BUT: Republicans are touting the fact that she has "more executive experience" than the rest of both tickets combined. In a strictly literal sense, this is true. None of the other three have held managerial positions. But the experience they have is far more relevant to the presidency than serving the first 1.67 years of a gubernatorial term in a fairly homogenous (I may be ignorant of Alaska on that point), sparsely populated state drowning in Federal support and oil money (she signed a windfall profits tax on oil companies in the state, and supports giving them more places to drill there). In terms of difficult decision-making, give-and-take, and exposure to national and international issues, her experience PALES in comparison to Obama's four years in the Senate and on the Foreign Relations Committee, and running a massive, 50-state presidential campaign that upset Hillary Clinton. Strategists are saying that Obama's smart move will be to point out how baldly disingenuous this selection renders McCain's criticism of Obama's experience. That's true, but I think that she also loses the experience comparison on the merits.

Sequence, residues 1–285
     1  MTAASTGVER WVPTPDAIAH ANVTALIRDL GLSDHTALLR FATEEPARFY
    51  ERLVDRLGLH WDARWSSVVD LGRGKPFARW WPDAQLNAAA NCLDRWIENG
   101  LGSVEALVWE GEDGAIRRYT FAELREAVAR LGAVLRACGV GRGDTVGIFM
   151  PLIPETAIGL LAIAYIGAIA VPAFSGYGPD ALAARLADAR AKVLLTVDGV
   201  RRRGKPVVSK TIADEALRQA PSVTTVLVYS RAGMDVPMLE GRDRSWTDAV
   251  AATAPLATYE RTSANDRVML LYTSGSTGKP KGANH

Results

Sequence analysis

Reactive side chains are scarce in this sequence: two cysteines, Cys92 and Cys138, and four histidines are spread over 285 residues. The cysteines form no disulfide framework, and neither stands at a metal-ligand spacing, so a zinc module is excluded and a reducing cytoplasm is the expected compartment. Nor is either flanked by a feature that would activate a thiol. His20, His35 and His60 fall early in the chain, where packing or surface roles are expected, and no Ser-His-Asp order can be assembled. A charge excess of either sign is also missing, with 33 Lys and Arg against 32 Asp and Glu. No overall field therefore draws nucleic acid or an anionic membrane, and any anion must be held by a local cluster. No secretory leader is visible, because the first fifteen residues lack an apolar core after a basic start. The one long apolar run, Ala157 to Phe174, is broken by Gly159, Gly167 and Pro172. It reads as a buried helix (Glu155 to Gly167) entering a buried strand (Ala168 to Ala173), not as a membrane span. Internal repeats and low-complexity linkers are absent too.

Dang. Wrote more than I intended. Will talk Washington insider later.

* For those keeping score, that's CAMAPAVAMIMN**. Ask your doctor if Camapavamimn is right for you.

** Oddly, spellcheck didn't underline this word.

*** This footnote has no antecedant, since I didn't feel like putting asterixes in the post title. I just wanted to put it on the public record that the opening chords of "So What," the first track of Miles Davis' seminal album "Kind of Blue," are perfect. That is all.

Thursday, August 28, 2008


I don't generally want this blog to be about politics, but it's been occupying a good deal of my thought process lately, so you, reader, cannot escape. Unless, uh, you don't read this.

Political stuff: